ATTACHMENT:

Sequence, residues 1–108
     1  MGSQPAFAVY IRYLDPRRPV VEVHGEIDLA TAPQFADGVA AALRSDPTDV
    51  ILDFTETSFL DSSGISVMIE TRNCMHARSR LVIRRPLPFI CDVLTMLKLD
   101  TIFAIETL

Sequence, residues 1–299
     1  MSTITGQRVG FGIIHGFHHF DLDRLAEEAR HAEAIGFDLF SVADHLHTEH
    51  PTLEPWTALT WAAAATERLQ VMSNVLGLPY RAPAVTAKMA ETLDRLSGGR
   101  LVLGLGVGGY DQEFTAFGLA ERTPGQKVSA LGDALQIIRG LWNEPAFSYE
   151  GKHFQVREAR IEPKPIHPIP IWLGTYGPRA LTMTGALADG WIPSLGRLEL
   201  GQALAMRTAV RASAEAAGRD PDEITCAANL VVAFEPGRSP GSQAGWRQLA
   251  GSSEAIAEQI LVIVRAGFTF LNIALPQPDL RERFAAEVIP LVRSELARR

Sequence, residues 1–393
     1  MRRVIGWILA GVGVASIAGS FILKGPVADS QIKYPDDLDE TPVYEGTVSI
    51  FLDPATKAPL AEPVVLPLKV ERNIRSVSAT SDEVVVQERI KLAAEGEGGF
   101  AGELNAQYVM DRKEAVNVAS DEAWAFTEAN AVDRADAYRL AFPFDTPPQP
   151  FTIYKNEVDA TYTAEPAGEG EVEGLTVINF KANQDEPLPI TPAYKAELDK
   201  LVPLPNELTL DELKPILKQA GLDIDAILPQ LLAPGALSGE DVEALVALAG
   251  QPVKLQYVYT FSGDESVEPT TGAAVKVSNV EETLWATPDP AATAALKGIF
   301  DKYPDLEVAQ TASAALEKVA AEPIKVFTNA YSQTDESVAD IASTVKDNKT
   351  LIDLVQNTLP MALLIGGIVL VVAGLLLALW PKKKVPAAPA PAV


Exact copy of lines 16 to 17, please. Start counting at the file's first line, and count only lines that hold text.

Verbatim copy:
   151  FTIYKNEVDA TYTAEPAGEG EVEGLTVINF KANQDEPLPI TPAYKAELDK
   201  LVPLPNELTL DELKPILKQA GLDIDAILPQ LLAPGALSGE DVEALVALAG